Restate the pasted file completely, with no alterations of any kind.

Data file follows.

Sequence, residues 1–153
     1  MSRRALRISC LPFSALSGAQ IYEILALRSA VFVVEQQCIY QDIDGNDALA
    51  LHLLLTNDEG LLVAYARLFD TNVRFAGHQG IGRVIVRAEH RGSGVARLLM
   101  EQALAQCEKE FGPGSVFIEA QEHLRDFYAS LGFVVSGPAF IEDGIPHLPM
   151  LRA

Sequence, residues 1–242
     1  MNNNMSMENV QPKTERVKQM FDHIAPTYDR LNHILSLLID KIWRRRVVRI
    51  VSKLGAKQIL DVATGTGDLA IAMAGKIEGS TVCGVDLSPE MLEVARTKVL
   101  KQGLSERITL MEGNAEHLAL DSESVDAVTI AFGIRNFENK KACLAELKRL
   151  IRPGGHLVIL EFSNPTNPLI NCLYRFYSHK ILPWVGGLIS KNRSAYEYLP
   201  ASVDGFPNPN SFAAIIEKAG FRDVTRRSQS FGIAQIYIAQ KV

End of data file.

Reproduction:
Sequence, residues 1–153
     1  MSRRALRISC LPFSALSGAQ IYEILALRSA VFVVEQQCIY QDIDGNDALA
    51  LHLLLTNDEG LLVAYARLFD TNVRFAGHQG IGRVIVRAEH RGSGVARLLM
   101  EQALAQCEKE FGPGSVFIEA QEHLRDFYAS LGFVVSGPAF IEDGIPHLPM
   151  LRA

Sequence, residues 1–242
     1  MNNNMSMENV QPKTERVKQM FDHIAPTYDR LNHILSLLID KIWRRRVVRI
    51  VSKLGAKQIL DVATGTGDLA IAMAGKIEGS TVCGVDLSPE MLEVARTKVL
   101  KQGLSERITL MEGNAEHLAL DSESVDAVTI AFGIRNFENK KACLAELKRL
   151  IRPGGHLVIL EFSNPTNPLI NCLYRFYSHK ILPWVGGLIS KNRSAYEYLP
   201  ASVDGFPNPN SFAAIIEKAG FRDVTRRSQS FGIAQIYIAQ KV